etc during the days and hours those foot
posts were manned.  Of course, the absence
of crime was no surprise to anyone since
everyone already knew the effectiveness of
well supervised foot patrol.
Why is Foot Patrol the Ultimate Form of
Community Policing?

When you become a police officer, you'll
observe, or be involved in, all kinds of
schemes labeled as Community Policing.  I
call them schemes, because that's simply
what they are.  Some may have foot patrol
as an element, but any foot patrol is usually
sporadic and poorly supervised with little to
no emphasis placed on actual law
enforcement activities.  What a lot of
community policing advocates forget is that
a police officer is first a law enforcer, and
everything else comes afterward.  When the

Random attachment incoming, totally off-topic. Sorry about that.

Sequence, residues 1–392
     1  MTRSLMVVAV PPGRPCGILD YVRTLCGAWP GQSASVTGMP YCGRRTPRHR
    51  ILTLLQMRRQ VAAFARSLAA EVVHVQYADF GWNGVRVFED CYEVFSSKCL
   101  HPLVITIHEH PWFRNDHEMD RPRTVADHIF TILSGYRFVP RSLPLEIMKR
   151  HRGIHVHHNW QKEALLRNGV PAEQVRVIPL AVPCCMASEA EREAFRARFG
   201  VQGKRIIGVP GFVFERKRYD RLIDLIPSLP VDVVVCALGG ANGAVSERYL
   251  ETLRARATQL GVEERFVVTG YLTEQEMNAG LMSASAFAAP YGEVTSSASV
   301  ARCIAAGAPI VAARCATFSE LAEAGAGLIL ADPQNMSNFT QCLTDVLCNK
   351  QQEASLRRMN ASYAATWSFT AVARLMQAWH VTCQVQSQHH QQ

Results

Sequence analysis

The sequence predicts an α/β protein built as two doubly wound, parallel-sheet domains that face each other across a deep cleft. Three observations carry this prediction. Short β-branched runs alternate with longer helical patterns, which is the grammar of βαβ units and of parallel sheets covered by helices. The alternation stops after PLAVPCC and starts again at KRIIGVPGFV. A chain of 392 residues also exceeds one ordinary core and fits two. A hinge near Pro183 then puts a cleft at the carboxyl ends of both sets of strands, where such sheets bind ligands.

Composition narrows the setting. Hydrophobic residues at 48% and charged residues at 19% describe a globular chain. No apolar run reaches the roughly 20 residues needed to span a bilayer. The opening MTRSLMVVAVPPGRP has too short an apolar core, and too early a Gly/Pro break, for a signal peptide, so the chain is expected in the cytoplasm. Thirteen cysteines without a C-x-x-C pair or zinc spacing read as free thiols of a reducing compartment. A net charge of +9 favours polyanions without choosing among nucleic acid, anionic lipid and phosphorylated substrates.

community policing experts get together to
form their latest scheme, law enforcement is
usually viewed as just an unavoidable
annoyance.

When a police officer is assigned to a foot
post on a continuous and long lasting basis,
real community policing can be realized.  As
a foot officer, you'll be up close and personal
with every element of the community, and
you'll soon become a walking encyclopedia
of who's who in the neighborhood.  

What are the Benefits of Foot Patrol for
the Police Officer?

There's nothing better than a foot patrol
assignment for a new police officer.  You'll
be alone and out in the open without the
protective shell of that police car.  The lack
of means for a quick get-a-way will prevent
you from developing a hit-and-run mentality
that the mobility of the police car engenders
in many police officers.  

Just imagine yourself as a foot officer in the